How can one analyze collective action in protests or revolutions when individuals are uncertain about the relative payoffs of the status quo and revolution? We model a "calculus of protest" of individuals who must either submit to the status quo or support revolt based only on personal information about their payoffs. In deciding whether to revolt, the citizen must infer both the benefit of successful revolution and the likely actions of other citizens. We characterize conditions under which payoff uncertainty overturns conventional wisdom: (a) when a citizen is too willing to revolt, he reduces the incentives of others to revolt; (b) less accurate information about the value of revolution can make revolt more likely; (c) public signals from other citizens can reduce the likelihood of revolt; (d) harsher punishment can increase the incidence of punishment; and (e) the incidence of protest can be positively correlated with that of repression.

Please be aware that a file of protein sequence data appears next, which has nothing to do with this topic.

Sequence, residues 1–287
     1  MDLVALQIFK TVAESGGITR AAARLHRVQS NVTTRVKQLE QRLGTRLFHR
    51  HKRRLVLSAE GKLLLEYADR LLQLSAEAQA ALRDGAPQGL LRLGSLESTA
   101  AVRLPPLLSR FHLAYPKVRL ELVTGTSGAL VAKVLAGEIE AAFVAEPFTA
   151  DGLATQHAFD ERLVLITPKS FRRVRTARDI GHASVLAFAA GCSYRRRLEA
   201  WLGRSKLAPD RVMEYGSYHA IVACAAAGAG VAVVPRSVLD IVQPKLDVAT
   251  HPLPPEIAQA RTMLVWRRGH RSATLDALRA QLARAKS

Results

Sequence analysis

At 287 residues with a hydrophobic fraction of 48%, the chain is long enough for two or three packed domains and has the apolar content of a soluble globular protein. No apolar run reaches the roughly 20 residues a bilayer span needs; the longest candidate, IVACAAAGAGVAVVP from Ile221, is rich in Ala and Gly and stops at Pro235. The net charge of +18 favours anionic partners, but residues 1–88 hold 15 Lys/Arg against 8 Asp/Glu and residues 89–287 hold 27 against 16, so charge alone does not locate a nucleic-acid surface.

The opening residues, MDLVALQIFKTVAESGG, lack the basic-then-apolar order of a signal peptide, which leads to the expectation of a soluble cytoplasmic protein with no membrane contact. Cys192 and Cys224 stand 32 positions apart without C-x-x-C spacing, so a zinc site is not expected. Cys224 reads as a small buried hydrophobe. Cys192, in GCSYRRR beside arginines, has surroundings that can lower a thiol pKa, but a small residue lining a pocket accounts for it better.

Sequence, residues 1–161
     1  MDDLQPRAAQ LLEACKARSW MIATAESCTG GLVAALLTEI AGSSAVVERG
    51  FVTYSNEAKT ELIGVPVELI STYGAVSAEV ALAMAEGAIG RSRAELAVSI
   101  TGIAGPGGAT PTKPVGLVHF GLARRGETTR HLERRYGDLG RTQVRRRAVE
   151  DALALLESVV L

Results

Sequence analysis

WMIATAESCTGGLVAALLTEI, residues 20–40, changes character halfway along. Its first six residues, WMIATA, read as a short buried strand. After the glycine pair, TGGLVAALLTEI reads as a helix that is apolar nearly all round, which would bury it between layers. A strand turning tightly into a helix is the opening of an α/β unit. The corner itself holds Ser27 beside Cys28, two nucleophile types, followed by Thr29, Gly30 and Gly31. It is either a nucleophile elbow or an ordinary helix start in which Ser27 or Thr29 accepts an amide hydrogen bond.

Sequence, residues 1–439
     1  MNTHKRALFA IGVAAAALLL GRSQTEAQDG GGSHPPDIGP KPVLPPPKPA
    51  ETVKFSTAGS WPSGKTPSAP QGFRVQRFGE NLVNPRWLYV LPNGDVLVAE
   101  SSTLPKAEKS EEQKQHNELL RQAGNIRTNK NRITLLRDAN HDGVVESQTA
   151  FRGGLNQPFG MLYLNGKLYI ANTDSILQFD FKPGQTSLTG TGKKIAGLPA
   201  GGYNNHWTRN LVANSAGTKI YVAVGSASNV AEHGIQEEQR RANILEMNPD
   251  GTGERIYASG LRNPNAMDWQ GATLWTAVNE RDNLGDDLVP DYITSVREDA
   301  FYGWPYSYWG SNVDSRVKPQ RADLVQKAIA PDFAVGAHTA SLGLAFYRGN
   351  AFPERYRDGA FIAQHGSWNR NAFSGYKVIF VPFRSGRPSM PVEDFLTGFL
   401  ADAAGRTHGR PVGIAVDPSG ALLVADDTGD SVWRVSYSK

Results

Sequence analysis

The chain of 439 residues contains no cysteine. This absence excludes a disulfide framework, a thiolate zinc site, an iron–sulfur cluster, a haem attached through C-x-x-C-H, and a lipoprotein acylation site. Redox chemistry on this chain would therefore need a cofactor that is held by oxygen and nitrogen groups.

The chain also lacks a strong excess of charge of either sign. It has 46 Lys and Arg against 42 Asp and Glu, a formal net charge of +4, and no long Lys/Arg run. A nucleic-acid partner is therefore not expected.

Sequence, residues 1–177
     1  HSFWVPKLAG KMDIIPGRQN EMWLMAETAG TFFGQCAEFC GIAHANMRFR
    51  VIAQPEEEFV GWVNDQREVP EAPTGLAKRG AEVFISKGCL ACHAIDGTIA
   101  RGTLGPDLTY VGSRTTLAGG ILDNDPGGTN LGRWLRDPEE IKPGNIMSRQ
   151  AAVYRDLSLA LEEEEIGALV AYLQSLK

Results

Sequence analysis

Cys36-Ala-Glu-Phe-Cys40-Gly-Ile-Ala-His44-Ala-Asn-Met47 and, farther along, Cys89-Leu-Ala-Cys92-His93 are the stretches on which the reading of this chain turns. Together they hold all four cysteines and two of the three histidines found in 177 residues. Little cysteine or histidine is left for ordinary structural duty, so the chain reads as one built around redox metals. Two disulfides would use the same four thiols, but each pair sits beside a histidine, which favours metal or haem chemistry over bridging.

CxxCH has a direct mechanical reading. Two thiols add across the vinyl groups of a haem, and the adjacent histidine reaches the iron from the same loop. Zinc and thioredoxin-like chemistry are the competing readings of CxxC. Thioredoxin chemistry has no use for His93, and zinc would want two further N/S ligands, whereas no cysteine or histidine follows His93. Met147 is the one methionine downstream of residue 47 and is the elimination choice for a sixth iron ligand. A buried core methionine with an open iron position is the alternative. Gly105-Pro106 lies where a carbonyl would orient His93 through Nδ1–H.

ASJC Scopus subject areas
- Sociology and Political Science
- Political Science and International Relations